Capitol regulars might notice a heightened state of alertness from security staff, as police stay vigilant in case of a retaliatory attack following the killing of al-Qaida figurehead Osama bin Laden.
As of Monday, there was no information leading officials to believe that the Capitol is an imminent target, Senate Sergeant-at-Arms Terrance Gainer said. But even hours before President Barack Obama took to the airwaves to announce bin Laden’s death, the building’s security personnel were told to be on guard.
“Hopefully there’s not wannabes out there who somehow want to revenge the actions of our special operations forces,” Gainer said.
Gainer, who is also chairman of the Capitol Police Board, said he found out that bin Laden had been killed through media reports, but he was contacted Sunday night before Obama’s announcement and told to be alert.
“A couple of hours before that, we were getting information from our federal partners that they were stepping up some of their security, so it was clear that something was going to happen,” Gainer said. “Chief [Phillip] Morse very quickly took that into consideration as he began stepping up searches around the building and increased foot patrol.”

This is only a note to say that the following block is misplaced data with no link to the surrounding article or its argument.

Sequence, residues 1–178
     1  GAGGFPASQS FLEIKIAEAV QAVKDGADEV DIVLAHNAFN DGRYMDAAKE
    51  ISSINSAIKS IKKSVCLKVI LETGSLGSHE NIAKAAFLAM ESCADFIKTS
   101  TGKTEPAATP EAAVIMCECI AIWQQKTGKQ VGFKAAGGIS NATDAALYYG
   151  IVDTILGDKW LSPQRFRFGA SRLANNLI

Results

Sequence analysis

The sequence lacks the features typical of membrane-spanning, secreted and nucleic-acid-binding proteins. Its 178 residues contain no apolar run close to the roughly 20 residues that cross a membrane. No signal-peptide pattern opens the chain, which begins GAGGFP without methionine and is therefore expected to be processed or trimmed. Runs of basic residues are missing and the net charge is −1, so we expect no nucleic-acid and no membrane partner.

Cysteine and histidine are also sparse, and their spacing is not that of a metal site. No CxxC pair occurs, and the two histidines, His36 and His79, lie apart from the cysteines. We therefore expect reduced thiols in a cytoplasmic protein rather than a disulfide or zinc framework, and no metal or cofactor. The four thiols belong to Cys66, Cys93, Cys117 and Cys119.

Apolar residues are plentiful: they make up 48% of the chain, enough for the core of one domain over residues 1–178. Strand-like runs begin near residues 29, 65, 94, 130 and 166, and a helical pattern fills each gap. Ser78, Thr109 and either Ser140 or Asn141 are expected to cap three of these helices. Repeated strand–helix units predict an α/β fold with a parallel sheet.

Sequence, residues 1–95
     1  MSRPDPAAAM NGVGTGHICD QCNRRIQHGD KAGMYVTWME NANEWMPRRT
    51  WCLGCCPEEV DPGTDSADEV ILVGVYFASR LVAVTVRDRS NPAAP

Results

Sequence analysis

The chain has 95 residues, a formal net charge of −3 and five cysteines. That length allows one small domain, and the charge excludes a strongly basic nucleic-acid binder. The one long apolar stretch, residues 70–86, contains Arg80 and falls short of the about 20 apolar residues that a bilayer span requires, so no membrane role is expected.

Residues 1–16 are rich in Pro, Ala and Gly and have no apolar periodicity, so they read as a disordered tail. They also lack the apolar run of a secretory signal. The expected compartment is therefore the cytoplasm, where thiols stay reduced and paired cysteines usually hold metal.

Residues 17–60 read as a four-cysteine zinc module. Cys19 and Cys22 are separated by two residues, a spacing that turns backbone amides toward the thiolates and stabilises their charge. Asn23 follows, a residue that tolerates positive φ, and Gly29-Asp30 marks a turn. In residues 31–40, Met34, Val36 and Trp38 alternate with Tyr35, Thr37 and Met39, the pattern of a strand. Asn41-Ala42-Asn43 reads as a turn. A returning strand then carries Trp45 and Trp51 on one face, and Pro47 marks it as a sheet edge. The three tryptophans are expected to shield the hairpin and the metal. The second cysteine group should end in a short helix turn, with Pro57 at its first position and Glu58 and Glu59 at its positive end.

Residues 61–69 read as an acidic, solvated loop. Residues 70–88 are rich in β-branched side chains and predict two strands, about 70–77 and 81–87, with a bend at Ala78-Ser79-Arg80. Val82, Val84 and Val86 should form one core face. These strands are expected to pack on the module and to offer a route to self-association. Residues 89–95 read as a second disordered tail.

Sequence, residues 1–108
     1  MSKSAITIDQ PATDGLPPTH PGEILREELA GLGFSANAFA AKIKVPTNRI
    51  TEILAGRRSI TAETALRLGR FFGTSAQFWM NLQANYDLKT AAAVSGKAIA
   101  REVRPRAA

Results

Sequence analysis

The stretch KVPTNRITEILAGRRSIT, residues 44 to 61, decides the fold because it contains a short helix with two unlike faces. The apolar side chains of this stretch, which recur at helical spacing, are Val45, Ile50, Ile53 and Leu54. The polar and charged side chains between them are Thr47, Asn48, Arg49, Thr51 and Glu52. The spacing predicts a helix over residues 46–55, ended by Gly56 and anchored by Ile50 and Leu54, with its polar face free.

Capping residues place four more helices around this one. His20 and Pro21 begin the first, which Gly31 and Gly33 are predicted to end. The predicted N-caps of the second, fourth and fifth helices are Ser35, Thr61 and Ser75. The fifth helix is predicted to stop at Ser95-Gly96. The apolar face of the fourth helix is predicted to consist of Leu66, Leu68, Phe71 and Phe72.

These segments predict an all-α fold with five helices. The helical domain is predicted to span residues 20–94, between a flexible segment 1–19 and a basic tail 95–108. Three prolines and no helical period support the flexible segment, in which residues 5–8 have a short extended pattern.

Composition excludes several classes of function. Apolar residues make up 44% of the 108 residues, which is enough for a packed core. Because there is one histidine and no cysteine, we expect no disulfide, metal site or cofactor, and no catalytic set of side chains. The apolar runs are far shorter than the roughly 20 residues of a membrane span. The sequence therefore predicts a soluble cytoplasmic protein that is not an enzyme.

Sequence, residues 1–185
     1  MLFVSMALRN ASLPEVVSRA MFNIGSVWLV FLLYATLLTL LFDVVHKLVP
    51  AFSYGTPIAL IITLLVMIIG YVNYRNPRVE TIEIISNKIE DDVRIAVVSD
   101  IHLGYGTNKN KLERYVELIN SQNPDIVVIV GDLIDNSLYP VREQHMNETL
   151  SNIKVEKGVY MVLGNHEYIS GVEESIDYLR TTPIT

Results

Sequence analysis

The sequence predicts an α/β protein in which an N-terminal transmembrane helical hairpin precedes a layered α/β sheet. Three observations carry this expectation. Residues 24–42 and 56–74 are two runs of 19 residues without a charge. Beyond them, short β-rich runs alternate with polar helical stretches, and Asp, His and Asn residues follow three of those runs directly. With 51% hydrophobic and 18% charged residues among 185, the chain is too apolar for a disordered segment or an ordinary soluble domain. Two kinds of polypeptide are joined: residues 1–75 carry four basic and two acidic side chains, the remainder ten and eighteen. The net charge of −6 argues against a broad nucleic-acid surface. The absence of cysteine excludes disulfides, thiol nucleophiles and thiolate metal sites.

Capitol Police spokeswoman Sgt. Kimberly Schneider confirmed that the department has ramped up security around the Congressional campus.
“The public may notice an increased police presence and enhanced patrols in the field — and some measures may not even be visible to the public,” Schneider wrote in an email.
The department will probably not staff the Capitol with more officers than usual, but officers scheduled to be training off the Hill will likely be near the campus instead, said one officer who is not authorized to speak to the media.
The officer also said canine units will probably sweep the building more often.
Indeed, much of the enhanced security will happen behind the scenes, where security officials communicate with intelligence agencies, monitor threats and watch the Capitol airspace — something they have done since the Sept. 11, 2001, attacks.
It’s too early to tell whether bin Laden’s death will have as lasting an impact on the Capitol campus as the attack, said current and former security officials. But at least for the next few weeks, security will be in the forefront of many Hill workers’ minds.
Security around the Capitol has increased many times over since al-Qaida terrorists hijacked a plane with the intention of crashing it into the Capitol.
“9/11 has driven security at the Capitol,” said James Varey, who was chief of the Capitol Police during the attacks. “Back then, the Capitol was wide open. The screening processes then, prior to 9/11, weren’t quite as thorough as what the people are going through at the moment.”
Vice President Joe Biden waits to conduct a mock swearing-in ceremony with Sen. Brian Schatz, D-Hawaii, in the Capitol's Old Senate Chamber, December 2, 2014. Schatz was sworn in to serve the remainder of his term since he was appointed to the seat after Sen. Daniel Inouye, D-Hawaii, passed away.